Posted on February 9, 2015 by Patricia Ann McNair2.9.2015 Journal Prompt Photo by Pedro Meyer February 9, 2015: Holding on. Share this:ShareClick to email a link to a friend (Opens in new window)Click to print (Opens in new window)Click to share on Twitter (Opens in new window)Click to share on Facebook (Opens in new window)Like this:Like Loading... Related
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Don’t get me wrong when I say that I wish he’d just let go. I know that’s me wishing him dead and that doesn’t really fit with who I am. I can only say that I don’t mean it quite the way it sounds, but I do mean it.
We’ve been married so long that people look at us funny, their faces soft as bread dough, and their eyes moist. It’s like we are an ancient wonder in this world, and rare as rainbow pots of gold. They lean in and whisper, like at church when the saint’s relic is brought round and pilgrims kiss the silver casket and they ask for a blessing from the dead saint; and they ask me what’s our secret.
He’s got a picture in his wallet, a picture of a girl aged seventeen, and that girl was once me. Old as old he is now, as am I, and my name’s scribbled on the back of the picture, in case he forgets. Nothing is quite what it seems.
And they want to know the whole story, these curious pilgrims of love, like there might be something in our tale that they can hold onto, something that might get them through. On the tv the other day there was this woman aged a hundred and twelve and she was saying how her secret to long life was olives. If only it was that simple.
I help him from his sick bed. He is heavy and he leans on me with all his weight. He mutters under his breath and he asks me the time. There’s a clock on the wall, but he can’t see it properly. I tell him it’s past time and he curses me, for he understands what I am saying.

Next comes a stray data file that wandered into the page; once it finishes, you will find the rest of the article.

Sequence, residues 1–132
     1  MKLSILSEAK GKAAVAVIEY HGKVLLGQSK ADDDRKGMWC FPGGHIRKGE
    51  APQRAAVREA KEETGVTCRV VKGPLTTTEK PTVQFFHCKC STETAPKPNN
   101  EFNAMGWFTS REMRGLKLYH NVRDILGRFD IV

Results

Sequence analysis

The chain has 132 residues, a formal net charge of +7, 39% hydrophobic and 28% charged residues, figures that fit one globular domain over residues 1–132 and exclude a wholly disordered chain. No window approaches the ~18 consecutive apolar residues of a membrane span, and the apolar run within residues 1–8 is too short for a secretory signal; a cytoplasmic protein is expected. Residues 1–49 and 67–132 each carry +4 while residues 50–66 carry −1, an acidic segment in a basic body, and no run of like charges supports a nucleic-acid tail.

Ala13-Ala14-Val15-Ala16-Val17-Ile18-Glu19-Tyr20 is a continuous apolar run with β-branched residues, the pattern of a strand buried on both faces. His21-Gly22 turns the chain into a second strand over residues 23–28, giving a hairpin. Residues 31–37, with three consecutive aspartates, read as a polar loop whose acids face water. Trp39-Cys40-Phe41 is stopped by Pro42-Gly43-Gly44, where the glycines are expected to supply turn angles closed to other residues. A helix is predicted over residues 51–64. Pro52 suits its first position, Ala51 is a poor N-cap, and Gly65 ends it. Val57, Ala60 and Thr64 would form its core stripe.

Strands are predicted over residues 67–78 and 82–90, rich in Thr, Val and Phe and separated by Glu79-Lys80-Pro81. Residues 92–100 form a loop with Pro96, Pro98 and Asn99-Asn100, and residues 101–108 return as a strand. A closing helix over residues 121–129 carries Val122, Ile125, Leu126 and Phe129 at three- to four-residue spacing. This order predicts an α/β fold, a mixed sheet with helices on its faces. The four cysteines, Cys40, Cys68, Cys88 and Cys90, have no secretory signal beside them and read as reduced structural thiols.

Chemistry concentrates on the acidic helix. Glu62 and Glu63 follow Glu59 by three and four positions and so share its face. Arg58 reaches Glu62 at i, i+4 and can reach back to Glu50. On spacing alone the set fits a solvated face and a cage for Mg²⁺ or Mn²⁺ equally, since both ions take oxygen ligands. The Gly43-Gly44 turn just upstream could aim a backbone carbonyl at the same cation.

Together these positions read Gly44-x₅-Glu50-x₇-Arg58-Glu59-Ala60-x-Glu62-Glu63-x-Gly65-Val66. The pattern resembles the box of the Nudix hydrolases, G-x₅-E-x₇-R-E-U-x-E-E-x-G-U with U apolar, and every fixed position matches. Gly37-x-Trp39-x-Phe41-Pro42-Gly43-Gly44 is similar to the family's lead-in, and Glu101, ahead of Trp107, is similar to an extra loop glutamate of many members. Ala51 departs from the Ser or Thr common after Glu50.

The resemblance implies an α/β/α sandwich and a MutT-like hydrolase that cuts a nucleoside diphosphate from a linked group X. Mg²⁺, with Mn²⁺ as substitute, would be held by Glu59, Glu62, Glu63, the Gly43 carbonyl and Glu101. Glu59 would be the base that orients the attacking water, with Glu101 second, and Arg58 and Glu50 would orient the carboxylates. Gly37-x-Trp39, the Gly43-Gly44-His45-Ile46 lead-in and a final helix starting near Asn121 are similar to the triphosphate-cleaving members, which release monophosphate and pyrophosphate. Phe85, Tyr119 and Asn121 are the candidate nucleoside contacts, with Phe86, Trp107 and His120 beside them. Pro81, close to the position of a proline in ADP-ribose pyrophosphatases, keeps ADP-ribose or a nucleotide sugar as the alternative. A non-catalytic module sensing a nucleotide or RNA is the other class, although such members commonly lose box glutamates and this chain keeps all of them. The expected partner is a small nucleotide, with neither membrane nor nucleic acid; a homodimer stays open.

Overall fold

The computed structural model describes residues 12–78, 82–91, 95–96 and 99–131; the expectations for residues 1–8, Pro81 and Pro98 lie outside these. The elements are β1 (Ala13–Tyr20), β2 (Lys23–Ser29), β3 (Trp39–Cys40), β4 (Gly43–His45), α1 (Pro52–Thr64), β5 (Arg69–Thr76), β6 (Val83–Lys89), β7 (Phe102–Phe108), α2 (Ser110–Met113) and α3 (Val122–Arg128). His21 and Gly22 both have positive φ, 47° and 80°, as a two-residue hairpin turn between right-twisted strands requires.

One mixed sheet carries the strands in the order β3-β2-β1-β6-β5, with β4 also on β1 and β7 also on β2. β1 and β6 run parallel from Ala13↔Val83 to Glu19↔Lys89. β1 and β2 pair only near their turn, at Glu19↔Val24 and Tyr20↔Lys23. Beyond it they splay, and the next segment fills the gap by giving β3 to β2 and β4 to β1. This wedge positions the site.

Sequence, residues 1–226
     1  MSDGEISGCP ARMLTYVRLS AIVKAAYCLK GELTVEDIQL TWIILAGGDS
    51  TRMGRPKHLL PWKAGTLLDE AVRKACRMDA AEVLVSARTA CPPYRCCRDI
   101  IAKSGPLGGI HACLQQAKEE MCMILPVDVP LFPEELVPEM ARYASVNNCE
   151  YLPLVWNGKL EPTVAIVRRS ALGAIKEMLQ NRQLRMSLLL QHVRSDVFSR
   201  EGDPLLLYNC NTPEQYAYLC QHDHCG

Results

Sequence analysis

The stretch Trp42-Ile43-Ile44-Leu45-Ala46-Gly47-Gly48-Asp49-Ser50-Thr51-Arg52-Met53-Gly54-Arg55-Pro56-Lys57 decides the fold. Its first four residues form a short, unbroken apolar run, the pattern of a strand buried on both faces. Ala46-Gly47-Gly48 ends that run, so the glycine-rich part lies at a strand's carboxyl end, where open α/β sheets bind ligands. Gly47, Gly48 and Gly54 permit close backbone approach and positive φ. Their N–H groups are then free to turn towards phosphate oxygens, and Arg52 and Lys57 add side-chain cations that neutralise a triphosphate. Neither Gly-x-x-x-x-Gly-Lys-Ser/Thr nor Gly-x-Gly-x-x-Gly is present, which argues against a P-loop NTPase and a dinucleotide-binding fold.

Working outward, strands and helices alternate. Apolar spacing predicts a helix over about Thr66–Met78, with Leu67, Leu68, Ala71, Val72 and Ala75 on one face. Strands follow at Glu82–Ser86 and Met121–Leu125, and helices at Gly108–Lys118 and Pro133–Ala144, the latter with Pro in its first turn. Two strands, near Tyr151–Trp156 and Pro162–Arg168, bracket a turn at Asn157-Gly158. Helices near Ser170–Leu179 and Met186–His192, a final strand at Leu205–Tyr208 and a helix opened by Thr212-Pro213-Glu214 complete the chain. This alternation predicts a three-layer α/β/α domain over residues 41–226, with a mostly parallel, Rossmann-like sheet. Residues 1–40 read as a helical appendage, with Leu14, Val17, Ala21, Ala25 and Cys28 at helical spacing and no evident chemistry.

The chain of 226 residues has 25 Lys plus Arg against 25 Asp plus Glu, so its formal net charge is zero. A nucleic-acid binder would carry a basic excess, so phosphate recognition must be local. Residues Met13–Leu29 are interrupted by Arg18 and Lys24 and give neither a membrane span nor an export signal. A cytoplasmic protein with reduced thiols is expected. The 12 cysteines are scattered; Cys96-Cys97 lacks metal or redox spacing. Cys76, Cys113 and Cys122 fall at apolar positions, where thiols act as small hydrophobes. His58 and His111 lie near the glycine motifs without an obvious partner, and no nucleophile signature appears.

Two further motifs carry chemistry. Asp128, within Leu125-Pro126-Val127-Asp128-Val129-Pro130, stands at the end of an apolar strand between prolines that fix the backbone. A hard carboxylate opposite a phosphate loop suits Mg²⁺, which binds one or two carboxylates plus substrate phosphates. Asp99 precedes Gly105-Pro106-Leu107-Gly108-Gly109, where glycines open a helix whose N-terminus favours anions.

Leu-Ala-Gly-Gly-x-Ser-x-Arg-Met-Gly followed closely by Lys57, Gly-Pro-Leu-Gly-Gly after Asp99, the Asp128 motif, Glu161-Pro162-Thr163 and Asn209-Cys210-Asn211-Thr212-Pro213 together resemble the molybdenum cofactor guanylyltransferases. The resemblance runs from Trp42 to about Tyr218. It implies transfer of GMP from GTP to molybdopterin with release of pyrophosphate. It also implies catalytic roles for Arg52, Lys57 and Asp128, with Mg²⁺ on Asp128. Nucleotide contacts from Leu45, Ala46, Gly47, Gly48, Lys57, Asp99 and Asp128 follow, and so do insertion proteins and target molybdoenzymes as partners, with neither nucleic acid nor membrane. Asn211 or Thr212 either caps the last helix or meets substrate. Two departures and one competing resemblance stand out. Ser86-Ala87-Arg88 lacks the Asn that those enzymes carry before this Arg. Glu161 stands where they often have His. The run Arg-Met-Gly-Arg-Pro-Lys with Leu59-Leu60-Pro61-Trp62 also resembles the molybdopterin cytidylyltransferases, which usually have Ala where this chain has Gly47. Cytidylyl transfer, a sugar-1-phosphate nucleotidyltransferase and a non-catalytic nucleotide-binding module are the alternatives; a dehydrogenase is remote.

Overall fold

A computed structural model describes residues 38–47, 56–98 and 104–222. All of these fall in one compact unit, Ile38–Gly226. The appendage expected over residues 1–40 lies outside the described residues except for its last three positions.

And I don’t know how we got to where we are. I really don’t. It isn’t olives and it isn’t love, like everyone thinks. It is something else, something my mother put into me, something about the virtue of sticking with things through all the troubled times. She said it like there was a great prize waiting at the end of those troubles. She was known for always saying that you get your reward in heaven.
Don’t get me wrong, I’m fond of him. As fond as it’s possible to be. And I don’t wish him ill in wishing him gone. I see him these days and this is no life. He is eaten up with pain or he is doped up with the painkillers and there is no lucidd in-between. He doesn’t know the year or the day and he sometimes doesn’t know me. And in truth, I sometimes don’t know him, though I have watched him altering by degrees for more than sixty years.
We’ve been through it all, me and Ed, and that counts for something. I know it does. But the time left to us, to me, is short. I help him to the bathroom and I pull down his pants, like he is a child, and I lower him to the toilet. I can hear his bones cracking and my own bones, too. Everyone thinks it is an act of love that I do this, but it is the voice of my dead mother in my head saying how I have to stick by him and how I’ll get my reward some day and maybe it’ll be in this world or maybe in the next.
And I wipe his arse when he’s done, and I shake his shrunken grey cock, shake the last pale drips of piss from him, and I pull his pants back up to his waist and I tell him not to move till I’ve washed my hands. It’s an humiliation that we both bear. He has one hand heavy on my shoulder to steady himself and he asks me again what is the time. And they think it is love that makes me do all of this, and in my head I wish he’d let go and I wish he’d do so sooner rather than later, and it’s as much for him as it is for me, and god and the saints forgive me if this wrong.